folder, which it finds by reading the following registry key:

    HKCU\SOFTWARE\Microsoft\Windows\CurrentVersion\Explorer\Shell
    Folders\Personal"

    Unless I was amazingly lucky this probably isn't the worm involved, but
    it's probably something similar to this. A good virus scan of the problem
    attachment will likely yield more clues. A good virus scan of her machine
    is extremely likely to produce more clues. Your friend's machine is likely
    infected with one or more worms. Your machine could be infected. And/or
    it's possible that someone is sending her email with spoofed headers and
    infected attachments. If you read the above example you'll see that the
    problem could be a LOT more serious than annoying attachments. Her privacy
    could have been breached. I don't know how to say it more strongly--both
    of you need to beef up your security.

    Whatever security programs you use they are only as good as the person
    with their finger on the mouse. No one in their right mind opens email
    attachments unless they know *exactly* who it came from and *exactly* what
    it is. Unless I'm _expecting_ it I don't open email attachments from
    friends and sometimes not even then. I've done volunteer work that resulted
    in dozens of infected attachments showing up at my address. When I tried to
    track down the source I found out that the people whose addresses appeared
    on the email had serious infections and resulting problems. I know of a
    church that gets hundreds of infected attachments every month.

    When and if you start doing some research: Norton System Works or
    Anti-Virus, McAfee, Giant Anti-spyware, Pc-Cillin, Spy Sweeper and Ad-aware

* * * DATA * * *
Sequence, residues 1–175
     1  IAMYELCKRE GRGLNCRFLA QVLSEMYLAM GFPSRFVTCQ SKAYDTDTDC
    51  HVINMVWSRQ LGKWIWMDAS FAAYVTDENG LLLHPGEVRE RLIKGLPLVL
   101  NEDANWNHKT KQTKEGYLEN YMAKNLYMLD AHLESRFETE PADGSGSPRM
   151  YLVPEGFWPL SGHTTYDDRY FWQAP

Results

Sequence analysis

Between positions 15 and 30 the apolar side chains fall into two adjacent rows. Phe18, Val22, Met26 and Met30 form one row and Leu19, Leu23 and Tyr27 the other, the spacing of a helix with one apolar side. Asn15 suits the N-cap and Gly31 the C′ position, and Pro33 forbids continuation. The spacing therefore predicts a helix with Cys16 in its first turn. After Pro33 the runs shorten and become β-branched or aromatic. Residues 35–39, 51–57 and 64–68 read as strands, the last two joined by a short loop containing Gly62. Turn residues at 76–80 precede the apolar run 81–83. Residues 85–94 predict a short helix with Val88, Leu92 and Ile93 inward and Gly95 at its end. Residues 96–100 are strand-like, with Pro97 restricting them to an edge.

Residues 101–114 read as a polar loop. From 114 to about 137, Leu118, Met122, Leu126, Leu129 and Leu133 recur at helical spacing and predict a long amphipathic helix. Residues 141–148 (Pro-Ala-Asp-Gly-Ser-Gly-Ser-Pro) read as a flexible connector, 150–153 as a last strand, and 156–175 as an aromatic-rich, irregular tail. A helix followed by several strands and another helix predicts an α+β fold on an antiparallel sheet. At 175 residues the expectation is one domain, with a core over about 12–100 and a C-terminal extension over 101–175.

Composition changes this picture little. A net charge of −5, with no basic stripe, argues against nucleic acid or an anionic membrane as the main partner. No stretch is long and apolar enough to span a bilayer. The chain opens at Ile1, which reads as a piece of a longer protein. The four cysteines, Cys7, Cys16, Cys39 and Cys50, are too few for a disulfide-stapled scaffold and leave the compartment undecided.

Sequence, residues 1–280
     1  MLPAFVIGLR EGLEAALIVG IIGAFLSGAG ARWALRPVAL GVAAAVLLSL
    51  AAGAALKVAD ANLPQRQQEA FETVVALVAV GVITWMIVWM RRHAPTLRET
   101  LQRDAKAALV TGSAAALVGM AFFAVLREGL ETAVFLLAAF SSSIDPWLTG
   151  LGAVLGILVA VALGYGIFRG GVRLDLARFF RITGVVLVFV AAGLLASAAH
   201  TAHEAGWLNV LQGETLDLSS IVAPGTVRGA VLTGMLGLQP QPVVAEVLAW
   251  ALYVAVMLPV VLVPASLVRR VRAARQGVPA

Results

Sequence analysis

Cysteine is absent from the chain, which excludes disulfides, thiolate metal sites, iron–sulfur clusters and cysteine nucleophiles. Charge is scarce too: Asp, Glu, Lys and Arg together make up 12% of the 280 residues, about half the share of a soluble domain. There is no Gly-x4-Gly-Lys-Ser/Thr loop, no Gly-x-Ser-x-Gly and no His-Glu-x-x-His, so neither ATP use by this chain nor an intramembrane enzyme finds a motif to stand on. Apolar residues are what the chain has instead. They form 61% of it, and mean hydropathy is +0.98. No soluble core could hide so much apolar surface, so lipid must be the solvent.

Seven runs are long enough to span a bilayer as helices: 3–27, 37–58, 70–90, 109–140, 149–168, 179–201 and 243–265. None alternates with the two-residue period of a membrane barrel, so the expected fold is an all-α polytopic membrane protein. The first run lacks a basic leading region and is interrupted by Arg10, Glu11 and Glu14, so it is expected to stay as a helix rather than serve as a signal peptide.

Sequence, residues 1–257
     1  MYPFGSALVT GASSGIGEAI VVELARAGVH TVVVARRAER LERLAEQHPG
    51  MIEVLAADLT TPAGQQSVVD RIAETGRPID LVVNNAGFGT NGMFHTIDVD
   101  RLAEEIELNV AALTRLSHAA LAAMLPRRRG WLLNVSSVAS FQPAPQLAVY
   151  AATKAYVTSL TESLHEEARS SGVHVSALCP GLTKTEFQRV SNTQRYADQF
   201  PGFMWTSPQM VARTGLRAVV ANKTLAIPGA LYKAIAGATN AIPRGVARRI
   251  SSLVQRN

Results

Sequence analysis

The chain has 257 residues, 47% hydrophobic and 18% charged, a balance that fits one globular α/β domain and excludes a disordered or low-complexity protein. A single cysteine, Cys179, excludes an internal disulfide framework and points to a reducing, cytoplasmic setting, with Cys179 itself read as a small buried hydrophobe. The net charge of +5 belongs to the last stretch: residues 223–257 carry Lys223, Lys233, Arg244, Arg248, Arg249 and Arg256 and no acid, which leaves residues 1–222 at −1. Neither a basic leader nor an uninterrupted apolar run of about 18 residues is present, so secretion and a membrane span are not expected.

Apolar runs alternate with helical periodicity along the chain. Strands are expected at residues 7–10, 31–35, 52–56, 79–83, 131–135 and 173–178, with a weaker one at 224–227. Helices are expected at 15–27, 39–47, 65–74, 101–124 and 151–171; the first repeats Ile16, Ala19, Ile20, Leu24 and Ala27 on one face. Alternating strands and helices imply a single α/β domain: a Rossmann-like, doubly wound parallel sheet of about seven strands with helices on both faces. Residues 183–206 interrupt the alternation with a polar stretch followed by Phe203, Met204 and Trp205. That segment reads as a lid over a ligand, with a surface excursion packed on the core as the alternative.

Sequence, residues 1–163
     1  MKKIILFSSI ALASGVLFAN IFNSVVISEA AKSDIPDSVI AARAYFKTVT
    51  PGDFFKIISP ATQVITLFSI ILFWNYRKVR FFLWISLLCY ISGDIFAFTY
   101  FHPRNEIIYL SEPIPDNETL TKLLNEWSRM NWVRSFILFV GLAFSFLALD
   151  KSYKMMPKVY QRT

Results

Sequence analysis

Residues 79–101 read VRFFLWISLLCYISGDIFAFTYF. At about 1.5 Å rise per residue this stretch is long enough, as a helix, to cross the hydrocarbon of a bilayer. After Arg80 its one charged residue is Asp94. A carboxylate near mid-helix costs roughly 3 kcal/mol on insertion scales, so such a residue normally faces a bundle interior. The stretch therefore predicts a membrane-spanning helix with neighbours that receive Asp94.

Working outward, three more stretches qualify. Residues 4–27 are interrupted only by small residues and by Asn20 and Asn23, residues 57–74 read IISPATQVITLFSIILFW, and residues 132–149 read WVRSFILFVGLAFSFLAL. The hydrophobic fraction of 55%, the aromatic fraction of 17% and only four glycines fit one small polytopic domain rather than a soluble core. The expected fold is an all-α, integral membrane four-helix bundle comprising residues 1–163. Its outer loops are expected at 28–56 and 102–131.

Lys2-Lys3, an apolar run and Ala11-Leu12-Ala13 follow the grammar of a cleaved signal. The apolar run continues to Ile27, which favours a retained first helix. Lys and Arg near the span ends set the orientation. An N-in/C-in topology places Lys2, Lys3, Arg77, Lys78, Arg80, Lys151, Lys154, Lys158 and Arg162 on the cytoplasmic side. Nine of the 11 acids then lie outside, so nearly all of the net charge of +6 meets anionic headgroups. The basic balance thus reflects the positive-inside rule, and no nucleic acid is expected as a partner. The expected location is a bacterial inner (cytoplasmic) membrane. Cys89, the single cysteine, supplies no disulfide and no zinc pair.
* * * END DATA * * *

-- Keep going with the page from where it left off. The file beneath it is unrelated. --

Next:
are good starting points. There are many other good ones--everyone has
    their own list. Many of the anti-spyware ads on Google right now are
    crapware and at least one of them is as bad as the infections it claims to
    cure.

    TB
     
    Technobarbarian, Dec 13, 2004
    #5
  6. Paul Mars

    Paul Mars Guest

    "both of you need to beef up your security."

    How should I do this? As mentioned, I currently have:

    Norton AV
    Spybot
    Zone Alarm Firewall
    SpywareBlaster
    Ad-Aware
    Bazooka
    CWShreder
    HiJackThis
    WinPatrol

    And I check all for updates and run them weekly.

    "Whatever security programs you use they are only as good as the person with
    their finger on the mouse. "

    I agree, I have read the complete help file with each app and have searched,
    read, and posted to the related newsgroups.

    btw, Both times the mail that she got from me was truly from me.

    P


    "Technobarbarian" <> wrote in message
    news:przles5gp02q$.1pvi5bsnhzm2x$...
    > On Sun, 12 Dec 2004 20:44:42 -0500, Paul Mars wrote:
    >
    >> oops, I forget to mention she is accessing her mail on the web, using IE.
    >> Juno account.
    >>
    >> What do you mean: "trick in the attachment" ? I do relize that her
    >> files
    >> may have never left her computer.
    >>
    >> Yea, I told her last time that she needs much more security. Then 2 weeks
    >> go
    >> by with her having no more "apperent" breaches, then it happens again
    >> with
    >> incoming mail from me again.
    >>
    >> I would think that it is occuring to others too.
    >>
    >> Paul

    >
    > This just one example among many possibilities:
    > http://www3.ca.com/securityadvisor/virusinfo/virus.aspx?id=13233
    >
    > Here's what I mean by a trick:
    >
    > "When choosing its attachment name, the worm looks in the "My Documents"
    > folder, which it finds by reading the following registry key:
    >
    > HKCU\SOFTWARE\Microsoft\Windows\CurrentVersion\Explorer\Shell
    > Folders\Personal"
    >
    > Unless I was amazingly lucky this probably isn't the worm involved, but
    > it's probably something similar to this. A good virus scan of the problem
    > attachment will likely yield more clues. A good virus scan of her machine
    > is extremely likely to produce more clues. Your friend's machine is likely
    > infected with one or more worms. Your machine could be infected. And/or
    > it's possible that someone is sending her email with spoofed headers and
    > infected attachments. If you read the above example you'll see that the
    > problem could be a LOT more serious than annoying attachments. Her privacy
    > could have been breached. I don't know how to say it more strongly--both